Living Dead Lock Up (2005, USA)
It’s one thing to make a film with a few of your mates on a budget of a couple of hundred dollars. It’s another thing entirely to inflict it upon the broader public.
Mario Xavier wrote, produced, directed, filmed and starred in this lamentable offering, engaging the assistance of some colleagues as they were all working on a stage production of Shakespeare’s Taming of the Shrew. But there’s nothing remotely Shakespearesque that has rubbed off on this film, I can assure you.
Xavier plays Jared, a small-time car thief sentenced to two years at the Stonegate Correctional Institute in Springmount, Florida (even if the judge gets confused and sentences him to serve his time at the Springmount Correctional Institute).
Presumably because the budget is non-existent and the actors also have to double as crew, the prison we get to see is one in which there are never more than two people in the one shot. That makes early scenes like Jared’s ritualistic induction fight with another prisoner, Tank, which takes place on a wire-grated floor in an open industrial area with no supervision by guards and no other people in view (despite the soundtrack of crowd noises), awfully ridiculous… and from which the film can never recover.
As helpful background to the story, we have been told that mystery shrouds Stonegate after it was discovered in 1959 that on top of more than 47 suspicious deaths, 20-plus bodies were found in a mass grave in the basement… before a fire covered up potentially more atrocities. Whatever happened back then, it’s clearly not over; another prisoner warns Jared not to go down into the basement. Ooh, scary.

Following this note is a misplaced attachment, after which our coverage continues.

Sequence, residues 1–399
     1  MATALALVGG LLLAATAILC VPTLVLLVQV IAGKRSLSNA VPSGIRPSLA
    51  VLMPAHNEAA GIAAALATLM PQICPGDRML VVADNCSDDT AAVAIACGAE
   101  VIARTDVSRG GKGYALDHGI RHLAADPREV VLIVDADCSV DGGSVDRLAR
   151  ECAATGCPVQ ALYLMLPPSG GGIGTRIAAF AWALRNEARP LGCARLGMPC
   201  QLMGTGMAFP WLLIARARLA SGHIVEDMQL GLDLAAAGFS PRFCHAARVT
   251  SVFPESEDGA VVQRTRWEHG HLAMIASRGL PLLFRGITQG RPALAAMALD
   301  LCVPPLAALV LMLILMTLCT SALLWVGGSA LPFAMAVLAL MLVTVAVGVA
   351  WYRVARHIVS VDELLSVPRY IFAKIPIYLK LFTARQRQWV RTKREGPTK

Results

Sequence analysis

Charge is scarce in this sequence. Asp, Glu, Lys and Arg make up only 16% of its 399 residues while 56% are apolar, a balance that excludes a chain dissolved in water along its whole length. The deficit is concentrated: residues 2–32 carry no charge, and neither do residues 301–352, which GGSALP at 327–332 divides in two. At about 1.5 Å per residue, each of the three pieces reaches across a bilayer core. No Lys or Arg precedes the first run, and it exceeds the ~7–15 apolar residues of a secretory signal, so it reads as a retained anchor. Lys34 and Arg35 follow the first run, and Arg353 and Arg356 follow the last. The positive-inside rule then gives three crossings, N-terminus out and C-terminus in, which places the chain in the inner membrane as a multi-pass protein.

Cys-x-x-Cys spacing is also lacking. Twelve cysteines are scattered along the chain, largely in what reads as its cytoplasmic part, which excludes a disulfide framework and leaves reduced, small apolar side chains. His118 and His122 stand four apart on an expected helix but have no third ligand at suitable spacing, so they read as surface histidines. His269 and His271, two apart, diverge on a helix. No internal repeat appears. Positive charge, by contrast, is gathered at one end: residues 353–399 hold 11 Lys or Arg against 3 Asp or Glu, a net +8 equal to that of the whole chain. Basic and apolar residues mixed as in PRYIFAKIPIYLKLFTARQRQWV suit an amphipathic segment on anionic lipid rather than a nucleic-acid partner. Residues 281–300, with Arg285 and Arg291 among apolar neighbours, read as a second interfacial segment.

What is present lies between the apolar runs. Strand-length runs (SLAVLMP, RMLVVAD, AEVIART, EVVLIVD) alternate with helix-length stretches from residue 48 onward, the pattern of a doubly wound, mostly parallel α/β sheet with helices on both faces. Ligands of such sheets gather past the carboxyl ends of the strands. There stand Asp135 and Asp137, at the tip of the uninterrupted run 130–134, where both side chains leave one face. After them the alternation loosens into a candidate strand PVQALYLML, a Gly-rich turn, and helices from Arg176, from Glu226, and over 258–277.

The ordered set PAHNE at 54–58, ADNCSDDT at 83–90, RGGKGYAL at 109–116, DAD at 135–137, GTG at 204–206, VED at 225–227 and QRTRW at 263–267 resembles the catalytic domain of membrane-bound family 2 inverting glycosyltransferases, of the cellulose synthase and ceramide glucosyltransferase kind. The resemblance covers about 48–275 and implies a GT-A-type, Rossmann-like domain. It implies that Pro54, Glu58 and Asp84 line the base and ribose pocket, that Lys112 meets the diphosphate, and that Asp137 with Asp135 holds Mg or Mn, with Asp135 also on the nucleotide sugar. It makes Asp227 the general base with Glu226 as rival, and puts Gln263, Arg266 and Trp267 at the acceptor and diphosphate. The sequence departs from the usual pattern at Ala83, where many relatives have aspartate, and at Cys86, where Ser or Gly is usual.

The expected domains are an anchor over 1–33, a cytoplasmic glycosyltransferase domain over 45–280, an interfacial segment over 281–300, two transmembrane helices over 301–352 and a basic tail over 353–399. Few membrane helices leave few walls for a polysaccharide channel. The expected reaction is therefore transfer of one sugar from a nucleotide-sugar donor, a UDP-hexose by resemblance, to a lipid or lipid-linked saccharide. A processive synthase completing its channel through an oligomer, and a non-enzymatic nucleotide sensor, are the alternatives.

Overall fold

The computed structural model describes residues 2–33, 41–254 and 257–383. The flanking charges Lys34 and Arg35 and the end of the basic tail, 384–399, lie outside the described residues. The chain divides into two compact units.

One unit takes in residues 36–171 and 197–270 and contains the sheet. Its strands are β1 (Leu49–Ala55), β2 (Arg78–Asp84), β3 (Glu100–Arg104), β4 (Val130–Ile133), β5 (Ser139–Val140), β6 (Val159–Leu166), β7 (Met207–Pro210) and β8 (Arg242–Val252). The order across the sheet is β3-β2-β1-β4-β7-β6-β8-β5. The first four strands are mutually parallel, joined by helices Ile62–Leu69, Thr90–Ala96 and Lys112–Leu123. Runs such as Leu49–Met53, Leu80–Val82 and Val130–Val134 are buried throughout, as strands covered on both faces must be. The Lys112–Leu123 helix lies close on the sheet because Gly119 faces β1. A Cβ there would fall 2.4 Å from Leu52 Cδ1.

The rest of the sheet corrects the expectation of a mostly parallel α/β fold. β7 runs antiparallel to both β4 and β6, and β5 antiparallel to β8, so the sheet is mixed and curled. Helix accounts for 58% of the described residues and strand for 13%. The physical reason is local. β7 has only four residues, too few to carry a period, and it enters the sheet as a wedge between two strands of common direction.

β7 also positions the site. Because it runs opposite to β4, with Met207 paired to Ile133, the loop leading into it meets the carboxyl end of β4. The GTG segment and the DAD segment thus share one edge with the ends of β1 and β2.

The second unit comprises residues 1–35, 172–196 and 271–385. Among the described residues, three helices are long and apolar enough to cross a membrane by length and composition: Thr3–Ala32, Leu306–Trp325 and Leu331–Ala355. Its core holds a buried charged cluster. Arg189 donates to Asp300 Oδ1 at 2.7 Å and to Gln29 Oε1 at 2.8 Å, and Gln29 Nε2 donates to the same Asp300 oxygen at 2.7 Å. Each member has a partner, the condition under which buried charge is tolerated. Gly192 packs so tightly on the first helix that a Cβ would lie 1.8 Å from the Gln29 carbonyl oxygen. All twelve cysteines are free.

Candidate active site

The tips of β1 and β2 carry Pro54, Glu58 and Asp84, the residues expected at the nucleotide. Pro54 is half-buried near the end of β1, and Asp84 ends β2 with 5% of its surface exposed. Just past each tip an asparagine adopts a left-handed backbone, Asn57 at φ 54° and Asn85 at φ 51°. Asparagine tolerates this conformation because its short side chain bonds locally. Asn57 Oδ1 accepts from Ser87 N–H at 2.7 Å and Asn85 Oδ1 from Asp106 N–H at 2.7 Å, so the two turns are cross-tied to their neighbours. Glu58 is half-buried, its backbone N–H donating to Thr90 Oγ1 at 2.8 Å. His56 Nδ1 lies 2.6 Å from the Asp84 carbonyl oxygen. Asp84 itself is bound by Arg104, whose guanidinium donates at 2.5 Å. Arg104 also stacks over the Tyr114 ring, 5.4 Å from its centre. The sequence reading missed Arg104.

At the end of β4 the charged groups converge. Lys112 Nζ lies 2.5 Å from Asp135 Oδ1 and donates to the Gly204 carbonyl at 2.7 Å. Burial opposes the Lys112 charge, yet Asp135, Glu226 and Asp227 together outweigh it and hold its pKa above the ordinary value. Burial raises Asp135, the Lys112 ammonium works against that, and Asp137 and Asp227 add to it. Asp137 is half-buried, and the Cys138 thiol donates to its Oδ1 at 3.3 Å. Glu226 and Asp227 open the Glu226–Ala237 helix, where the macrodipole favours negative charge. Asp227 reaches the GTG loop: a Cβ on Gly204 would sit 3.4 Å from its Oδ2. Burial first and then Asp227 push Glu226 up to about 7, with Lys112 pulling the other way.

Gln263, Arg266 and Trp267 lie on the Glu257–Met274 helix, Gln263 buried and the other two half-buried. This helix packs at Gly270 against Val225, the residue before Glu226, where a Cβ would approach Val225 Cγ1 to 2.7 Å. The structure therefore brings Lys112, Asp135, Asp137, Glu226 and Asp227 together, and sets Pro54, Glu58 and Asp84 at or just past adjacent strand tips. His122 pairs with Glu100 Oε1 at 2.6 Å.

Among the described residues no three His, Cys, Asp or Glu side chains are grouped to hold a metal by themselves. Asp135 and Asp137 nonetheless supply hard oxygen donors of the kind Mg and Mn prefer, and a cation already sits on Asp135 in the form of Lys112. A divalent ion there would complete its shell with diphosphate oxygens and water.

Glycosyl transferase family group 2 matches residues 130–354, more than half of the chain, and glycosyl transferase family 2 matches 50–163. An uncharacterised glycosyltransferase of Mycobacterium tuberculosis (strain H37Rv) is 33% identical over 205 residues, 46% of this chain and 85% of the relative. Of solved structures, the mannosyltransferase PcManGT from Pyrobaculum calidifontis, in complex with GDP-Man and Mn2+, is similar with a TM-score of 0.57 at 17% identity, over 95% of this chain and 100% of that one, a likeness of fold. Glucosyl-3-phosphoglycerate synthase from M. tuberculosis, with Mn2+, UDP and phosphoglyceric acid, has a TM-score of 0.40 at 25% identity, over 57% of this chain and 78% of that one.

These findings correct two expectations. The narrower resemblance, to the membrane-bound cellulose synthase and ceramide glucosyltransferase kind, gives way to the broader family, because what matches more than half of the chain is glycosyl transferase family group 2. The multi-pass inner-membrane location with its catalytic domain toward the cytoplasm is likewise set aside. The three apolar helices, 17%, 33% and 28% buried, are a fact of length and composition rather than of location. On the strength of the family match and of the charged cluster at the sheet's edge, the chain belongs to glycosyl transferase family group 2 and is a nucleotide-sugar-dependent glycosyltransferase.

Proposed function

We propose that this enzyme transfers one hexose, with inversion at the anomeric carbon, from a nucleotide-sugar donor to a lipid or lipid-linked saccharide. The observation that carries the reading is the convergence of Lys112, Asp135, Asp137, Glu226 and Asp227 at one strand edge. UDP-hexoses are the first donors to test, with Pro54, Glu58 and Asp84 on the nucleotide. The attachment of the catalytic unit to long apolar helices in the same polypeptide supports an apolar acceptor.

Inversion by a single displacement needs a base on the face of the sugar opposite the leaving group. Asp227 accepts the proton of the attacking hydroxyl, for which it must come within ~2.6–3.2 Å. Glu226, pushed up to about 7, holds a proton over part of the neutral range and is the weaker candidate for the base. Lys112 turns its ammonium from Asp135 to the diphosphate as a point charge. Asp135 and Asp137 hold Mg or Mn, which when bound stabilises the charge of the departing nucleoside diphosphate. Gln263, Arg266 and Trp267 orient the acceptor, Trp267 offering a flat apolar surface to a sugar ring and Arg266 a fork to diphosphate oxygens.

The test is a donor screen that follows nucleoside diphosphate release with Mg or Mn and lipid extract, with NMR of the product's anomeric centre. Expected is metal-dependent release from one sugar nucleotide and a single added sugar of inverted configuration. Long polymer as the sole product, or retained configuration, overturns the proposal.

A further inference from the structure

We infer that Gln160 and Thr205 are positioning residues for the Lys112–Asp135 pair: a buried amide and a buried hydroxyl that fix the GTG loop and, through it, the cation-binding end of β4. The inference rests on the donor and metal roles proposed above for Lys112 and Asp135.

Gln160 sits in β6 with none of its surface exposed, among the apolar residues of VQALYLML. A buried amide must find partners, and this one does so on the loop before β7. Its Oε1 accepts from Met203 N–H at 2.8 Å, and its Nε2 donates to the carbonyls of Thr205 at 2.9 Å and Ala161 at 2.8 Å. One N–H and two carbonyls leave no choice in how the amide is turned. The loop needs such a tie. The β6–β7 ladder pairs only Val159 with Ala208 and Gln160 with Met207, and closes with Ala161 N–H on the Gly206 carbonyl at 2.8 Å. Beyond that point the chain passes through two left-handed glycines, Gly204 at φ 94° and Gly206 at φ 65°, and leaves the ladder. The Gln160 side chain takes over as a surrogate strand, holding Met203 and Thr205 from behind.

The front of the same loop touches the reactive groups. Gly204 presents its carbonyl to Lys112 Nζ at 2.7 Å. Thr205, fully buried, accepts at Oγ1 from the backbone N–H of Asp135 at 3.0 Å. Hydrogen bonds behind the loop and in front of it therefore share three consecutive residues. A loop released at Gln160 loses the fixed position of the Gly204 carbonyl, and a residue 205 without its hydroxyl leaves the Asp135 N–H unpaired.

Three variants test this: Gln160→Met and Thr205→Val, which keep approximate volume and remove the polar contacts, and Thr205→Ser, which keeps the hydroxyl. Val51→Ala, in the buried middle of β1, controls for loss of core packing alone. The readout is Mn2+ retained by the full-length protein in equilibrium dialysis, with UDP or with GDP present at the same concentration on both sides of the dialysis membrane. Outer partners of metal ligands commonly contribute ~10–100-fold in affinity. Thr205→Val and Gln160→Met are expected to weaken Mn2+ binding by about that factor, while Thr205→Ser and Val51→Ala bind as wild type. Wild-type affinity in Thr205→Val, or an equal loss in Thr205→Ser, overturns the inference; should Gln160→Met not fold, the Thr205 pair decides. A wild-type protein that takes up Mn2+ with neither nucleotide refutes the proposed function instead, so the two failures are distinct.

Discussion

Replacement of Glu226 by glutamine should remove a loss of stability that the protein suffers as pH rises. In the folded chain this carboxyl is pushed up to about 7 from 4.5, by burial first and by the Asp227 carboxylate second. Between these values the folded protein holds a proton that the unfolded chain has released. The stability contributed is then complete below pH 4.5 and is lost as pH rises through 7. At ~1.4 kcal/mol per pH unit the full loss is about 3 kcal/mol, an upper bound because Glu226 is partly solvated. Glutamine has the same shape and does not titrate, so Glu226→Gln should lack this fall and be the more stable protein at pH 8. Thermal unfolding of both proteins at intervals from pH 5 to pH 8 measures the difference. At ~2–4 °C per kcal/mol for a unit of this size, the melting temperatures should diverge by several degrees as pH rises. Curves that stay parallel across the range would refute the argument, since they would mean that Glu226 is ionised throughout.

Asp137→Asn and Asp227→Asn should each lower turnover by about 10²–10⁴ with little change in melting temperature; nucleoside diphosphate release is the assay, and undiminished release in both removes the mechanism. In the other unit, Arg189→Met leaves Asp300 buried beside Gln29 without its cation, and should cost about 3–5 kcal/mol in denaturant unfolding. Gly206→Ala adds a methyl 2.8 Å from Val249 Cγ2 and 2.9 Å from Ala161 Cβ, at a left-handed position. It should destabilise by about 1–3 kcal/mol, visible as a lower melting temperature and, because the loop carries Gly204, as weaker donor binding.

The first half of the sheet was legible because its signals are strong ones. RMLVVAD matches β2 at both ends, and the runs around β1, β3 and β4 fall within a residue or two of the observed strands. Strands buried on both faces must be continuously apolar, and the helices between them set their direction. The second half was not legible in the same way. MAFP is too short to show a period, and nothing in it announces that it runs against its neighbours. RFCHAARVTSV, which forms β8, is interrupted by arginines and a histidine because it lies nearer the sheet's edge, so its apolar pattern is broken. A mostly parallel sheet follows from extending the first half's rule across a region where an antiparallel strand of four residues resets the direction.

It’s not long before Jared and his cellmate, Miguel (Miguel Angel Novo), realise that the scariness is in fact a number of fancy-dress zombies on the warpath. “Lock it down! Lock it down! There’s a riot going on out there!”, the guards call as the zombies emerge, but we see no riot and no lockdown; just some vaguely eerie special effects and Jared and Miguel. The two prisoners make their way into the prison control room without encountering a single panicking staff member (the ‘Panic’ button having been pushed, literally) or any other prisoners, and luckily find detailed prison plans and guns lying about. Handy, eh? After swimming underwater for a spell (and why not – is there not a water-filled room in every prison?), Jared dries off with spectacular speed to rescue his girlfriend Rachel (Natalie Morales) who has arrived for a visit, and together they shoot zombies and escape via a network of drains… before deciding that they must return and fight the zombie war rather than run away.
I’m guessing that many viewers have taken the option to run away well before the film finishes at just 62 minutes. Extraordinarily, since this piece of amateur home video Mario Xavier has made two sequels – in what must either be the height of misplaced ego, or a measure of his improvement with practice and some budget. I don’t think I’ll be watching to find out which.
Posted on June 16th, 2013 at 2:36 pm. Updated on August 11th, 2013 at 12:07 pm.
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